The drug dealer who first claimed the CIA encouraged and assisted Nicaraguan drug traffickers to sell cocaine in Los Angeles to finance the contra rebels has modified his charge.
The dealer, Ricky “Freeway Rick” Ross, now says the U.S. government “condoned, if not actively supported … the Nicaraguan contras in their drug dealing,” according to papers filed by his lawyer this week in U.S. District Court in San Diego.
Los Angeles attorney Alan Fenster is using the issue of alleged government involvement in drug dealing as one reason Judge Marilyn L. Huff should set aside Ross’ narcotics trafficking conviction last March.
In a September court hearing, Fenster cited an August series of stories in the San Jose Mercury News by reporter Gary Webb as “compelling documentation” that “the CIA involvement (in drug trafficking by Nicaraguans) included establishing and condoning the distribution and sale by members of the contra organization of massive amounts of cocaine within the United States, as well as actively assisting in such illegal conduct.”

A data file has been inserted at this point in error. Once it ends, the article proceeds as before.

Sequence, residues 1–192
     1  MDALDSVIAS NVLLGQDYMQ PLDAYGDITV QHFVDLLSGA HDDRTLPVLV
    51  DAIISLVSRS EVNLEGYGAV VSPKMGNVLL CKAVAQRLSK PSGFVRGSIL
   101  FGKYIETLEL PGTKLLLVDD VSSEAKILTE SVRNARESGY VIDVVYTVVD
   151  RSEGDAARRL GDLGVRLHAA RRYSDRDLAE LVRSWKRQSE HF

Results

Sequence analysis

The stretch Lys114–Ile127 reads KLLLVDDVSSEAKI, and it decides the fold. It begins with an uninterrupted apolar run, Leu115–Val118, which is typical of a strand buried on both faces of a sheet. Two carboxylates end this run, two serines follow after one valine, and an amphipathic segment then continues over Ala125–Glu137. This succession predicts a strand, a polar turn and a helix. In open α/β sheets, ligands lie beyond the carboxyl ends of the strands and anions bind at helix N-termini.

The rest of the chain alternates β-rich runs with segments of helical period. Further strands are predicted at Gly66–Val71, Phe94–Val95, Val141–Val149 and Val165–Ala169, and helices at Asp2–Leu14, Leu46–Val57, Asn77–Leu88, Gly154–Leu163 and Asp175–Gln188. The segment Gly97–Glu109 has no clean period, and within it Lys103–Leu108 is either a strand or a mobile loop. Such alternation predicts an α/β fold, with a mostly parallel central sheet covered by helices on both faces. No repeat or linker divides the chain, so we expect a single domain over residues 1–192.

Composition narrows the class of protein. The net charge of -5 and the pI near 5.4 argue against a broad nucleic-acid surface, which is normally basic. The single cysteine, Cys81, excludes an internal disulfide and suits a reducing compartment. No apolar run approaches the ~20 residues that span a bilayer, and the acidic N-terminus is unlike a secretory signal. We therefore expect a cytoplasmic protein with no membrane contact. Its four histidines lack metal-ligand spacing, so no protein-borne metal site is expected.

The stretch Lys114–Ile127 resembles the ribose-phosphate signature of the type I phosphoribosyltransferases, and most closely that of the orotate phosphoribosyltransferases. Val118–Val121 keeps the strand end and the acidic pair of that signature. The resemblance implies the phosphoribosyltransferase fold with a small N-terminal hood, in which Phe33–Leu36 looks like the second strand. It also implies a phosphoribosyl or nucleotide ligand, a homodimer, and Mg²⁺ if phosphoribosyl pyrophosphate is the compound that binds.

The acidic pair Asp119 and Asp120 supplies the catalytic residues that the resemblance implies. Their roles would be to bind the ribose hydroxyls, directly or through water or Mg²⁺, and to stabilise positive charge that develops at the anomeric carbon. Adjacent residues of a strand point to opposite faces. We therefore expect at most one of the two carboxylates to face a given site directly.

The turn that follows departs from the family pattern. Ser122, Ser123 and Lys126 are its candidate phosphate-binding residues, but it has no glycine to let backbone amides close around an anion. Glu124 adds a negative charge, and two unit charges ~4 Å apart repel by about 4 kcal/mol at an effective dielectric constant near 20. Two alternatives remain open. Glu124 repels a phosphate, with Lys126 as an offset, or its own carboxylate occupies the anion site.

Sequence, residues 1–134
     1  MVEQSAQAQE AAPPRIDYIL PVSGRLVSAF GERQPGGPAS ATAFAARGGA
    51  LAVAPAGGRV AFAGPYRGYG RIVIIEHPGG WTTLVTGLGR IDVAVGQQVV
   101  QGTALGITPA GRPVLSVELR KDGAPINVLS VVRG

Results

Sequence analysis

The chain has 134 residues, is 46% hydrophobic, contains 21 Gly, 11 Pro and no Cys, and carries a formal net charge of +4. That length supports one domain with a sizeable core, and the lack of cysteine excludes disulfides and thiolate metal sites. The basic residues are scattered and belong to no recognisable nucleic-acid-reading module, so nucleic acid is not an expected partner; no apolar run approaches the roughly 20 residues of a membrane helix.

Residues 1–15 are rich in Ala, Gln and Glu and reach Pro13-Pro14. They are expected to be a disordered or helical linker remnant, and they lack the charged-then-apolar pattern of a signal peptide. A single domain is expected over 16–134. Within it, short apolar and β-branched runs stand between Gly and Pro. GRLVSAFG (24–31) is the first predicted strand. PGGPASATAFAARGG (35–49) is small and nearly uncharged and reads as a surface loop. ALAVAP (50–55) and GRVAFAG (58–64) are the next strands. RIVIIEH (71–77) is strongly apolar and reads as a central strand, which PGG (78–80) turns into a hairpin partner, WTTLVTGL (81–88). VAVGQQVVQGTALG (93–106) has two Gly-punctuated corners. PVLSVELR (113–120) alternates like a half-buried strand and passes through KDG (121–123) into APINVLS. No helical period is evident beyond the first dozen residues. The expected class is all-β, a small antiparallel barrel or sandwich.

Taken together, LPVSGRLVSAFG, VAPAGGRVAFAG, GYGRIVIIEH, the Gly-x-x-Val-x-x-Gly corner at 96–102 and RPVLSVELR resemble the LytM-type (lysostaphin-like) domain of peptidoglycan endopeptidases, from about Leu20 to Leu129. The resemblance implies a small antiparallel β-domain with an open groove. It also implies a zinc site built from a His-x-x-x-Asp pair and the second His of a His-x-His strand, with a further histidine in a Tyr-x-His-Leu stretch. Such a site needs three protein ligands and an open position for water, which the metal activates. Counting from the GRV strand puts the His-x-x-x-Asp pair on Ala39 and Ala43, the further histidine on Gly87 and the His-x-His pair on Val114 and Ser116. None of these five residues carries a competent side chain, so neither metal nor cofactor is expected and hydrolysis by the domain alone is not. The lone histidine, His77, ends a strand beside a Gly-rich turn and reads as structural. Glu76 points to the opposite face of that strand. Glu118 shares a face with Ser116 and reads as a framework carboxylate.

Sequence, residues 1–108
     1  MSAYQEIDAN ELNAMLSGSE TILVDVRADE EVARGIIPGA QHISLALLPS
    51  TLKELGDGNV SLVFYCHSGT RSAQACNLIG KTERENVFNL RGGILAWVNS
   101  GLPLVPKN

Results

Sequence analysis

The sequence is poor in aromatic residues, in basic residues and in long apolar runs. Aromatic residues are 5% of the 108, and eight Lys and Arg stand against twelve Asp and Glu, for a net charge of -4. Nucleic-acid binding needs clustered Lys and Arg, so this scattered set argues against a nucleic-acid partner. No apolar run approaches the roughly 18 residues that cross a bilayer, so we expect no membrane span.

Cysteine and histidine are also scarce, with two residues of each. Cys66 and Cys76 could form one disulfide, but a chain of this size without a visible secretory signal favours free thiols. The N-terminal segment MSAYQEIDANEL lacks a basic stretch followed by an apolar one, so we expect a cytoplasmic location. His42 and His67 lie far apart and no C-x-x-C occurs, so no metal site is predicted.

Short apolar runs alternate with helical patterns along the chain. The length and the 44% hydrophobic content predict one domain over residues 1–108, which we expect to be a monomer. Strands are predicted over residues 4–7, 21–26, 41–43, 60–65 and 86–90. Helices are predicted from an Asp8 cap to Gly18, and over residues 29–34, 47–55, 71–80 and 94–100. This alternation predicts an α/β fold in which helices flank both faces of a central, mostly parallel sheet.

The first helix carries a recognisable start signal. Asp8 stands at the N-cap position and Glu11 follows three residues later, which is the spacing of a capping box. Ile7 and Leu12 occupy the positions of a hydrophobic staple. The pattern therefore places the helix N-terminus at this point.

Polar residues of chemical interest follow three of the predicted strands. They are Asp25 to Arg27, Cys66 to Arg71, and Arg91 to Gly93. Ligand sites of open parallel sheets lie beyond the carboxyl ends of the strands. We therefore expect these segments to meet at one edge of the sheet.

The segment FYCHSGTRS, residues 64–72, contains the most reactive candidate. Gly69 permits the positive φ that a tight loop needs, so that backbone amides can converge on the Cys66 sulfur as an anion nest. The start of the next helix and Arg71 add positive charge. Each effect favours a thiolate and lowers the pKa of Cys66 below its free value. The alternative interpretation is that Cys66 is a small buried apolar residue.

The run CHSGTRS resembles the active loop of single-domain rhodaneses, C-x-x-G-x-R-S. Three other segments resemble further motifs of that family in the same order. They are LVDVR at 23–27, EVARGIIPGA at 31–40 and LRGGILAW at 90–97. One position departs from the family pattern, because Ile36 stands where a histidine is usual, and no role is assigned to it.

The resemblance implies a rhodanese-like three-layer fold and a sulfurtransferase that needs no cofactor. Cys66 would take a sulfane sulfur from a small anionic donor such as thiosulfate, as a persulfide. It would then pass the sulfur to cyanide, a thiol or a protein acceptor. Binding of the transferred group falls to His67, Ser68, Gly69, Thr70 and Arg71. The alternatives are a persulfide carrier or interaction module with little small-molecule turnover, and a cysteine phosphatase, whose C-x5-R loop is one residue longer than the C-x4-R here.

The articles said Ross bought a substantial portion of the cocaine he sold from a Nicaraguan trafficker, Oscar Danilo Blandon, who was linked to the contras and CIA. Based on that information, Fenster asked the court to set aside Ross’ conviction, or give him a new trial, arguing that “if the full story could be presented to this court, the granting of a motion to dismiss for governmental misconduct would surely be appropriate.”
The Mercury News series provoked such an uproar within the African American community that it triggered CIA, Justice Department and congressional investigations. Huff on Sept. 13 delayed Ross’ sentencing so she could study the allegations and hear the CIA’s response. She is now scheduled to rule on Fenster’s motions next Tuesday.